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An Interdisciplinary Research Centre at the University of Cambridge


I am a mathematiciam, statistician and computer scientist based in the Disease Dynamics Unit with over 30-years experience in Artificial Intelligence (AI).

Following a degree in chemistry, I specialised in NMR spectroscopy. I undertook a PhD in statistical and computational chemistry at Leeds University (i.e., the computational diagnosis of endocrine metabolites) and was then appointed as a Research Fellow at St Thomas' Hospital/King's College London, where I undertook AI and statistical research into a variety of medical areas, including clinical microbiology, intensive care, and ophthalmology.

I taught AI as a University Lecturer in computer science at the University of East London. I also wrote the first paper on Machine Learning to be published in "The Lancet" and the seminal book "Clinical Applications of Artificial Neural Networks" (published in 2001).

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My research interests lie within the areas of (a) stochastic models of biomedical phenomena, (b) machine learning (particularly deep learning), and (c) normative clinical reasoning.

A. Neural-based computation.
I have been involved in the development of neural networks for medicine for 20 years. I am interested in two aspects of neural-based computing for biology and biomedicine : (a) convolutional neural networks for deep learning, and (b) neural networks for sequence analysis, including neural Turing machines.

B. Logics for clinical decision making.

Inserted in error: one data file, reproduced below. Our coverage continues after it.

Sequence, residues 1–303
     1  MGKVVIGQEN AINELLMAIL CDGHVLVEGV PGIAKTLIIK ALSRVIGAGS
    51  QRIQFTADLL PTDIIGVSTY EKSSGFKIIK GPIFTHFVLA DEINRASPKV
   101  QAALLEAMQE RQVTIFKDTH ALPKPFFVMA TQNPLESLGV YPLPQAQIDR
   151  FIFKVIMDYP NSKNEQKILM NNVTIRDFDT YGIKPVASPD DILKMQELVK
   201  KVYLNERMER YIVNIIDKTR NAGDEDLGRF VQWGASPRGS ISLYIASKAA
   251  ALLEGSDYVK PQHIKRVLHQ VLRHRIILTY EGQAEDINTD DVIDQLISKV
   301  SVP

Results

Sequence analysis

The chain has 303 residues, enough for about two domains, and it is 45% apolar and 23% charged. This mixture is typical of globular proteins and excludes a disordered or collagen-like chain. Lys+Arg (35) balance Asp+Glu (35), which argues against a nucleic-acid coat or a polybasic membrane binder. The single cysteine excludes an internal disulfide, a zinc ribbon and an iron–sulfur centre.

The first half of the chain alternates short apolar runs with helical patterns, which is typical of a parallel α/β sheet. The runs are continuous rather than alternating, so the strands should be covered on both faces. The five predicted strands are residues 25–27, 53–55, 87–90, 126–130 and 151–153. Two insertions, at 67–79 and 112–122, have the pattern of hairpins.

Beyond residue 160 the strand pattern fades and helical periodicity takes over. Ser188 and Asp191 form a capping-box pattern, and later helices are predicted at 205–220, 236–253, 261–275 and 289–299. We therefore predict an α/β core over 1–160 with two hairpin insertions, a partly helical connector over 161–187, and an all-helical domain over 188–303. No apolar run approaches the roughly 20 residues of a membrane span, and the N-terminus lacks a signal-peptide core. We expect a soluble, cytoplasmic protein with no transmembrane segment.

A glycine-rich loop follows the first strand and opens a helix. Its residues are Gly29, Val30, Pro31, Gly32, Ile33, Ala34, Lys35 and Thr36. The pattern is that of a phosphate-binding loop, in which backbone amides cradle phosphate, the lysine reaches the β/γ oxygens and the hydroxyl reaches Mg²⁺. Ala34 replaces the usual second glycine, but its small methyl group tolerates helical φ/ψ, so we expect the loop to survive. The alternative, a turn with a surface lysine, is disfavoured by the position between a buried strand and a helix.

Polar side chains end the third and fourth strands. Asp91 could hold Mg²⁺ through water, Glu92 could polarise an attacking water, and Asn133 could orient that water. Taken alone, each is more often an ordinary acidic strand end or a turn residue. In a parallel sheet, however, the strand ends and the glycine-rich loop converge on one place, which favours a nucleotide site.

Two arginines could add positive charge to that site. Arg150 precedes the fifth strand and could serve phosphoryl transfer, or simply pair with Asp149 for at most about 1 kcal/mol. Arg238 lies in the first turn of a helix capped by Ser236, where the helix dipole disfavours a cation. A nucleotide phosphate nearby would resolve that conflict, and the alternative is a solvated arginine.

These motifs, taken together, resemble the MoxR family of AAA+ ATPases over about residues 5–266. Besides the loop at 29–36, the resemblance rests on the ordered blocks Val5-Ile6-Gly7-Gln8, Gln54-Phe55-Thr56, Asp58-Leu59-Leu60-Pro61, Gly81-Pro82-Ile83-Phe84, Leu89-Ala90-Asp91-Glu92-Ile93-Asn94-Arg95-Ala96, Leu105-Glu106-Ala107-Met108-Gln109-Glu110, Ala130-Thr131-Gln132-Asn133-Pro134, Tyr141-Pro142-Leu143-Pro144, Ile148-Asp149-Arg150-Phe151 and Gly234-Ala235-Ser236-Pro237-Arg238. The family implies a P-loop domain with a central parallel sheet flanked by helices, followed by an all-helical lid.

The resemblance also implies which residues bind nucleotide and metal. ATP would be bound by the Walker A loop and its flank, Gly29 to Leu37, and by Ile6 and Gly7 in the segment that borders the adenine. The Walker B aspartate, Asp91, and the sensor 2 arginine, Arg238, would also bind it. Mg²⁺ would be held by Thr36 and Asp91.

I have a long-standing interest in the development of clinical diagnostic decision-support systems both via the use of machine-learning techniques (including deep learning) and through the use of formal methods for the fusion of knowledge with data for decision support (e.g., by means of probabilistic graphical models). I am currently focusing on a theoretical comparison of probabilistic logic and various alternative logics that have been proposed for clinical decision making, including possibility theory, Dempster-Shafer theory, and Jøsang's subjective logic.

C. Within-host dynamics of bacterial infections with respect to antibiotic intervention.
I am interested in mathematical and computational techniques that, in conjunction with observed data, reveal the dynamics of within-host infections caused by Salmonella enterica. Application of Bayesian inference is of particular interest in this regard, such as the use of nested sampling and approximate Bayesian computation. The intention is to extend the modelling process to include the known pharmacodynamics and pharmacokinetics of a range of antibiotics with respect to S. enterica in order to ascertain optimal antibiotic regimens. In this context, I am also looking at the potential of probabilistic programming.



Key publications: 

Dybowski, R. (2017) “The state of deep learning for the detection of diabetic retinopathy”, Proceedings of the Second Swedish Diabetic Summit (SSDS), Gothenburg: Sahlgrenska Academy, p 41.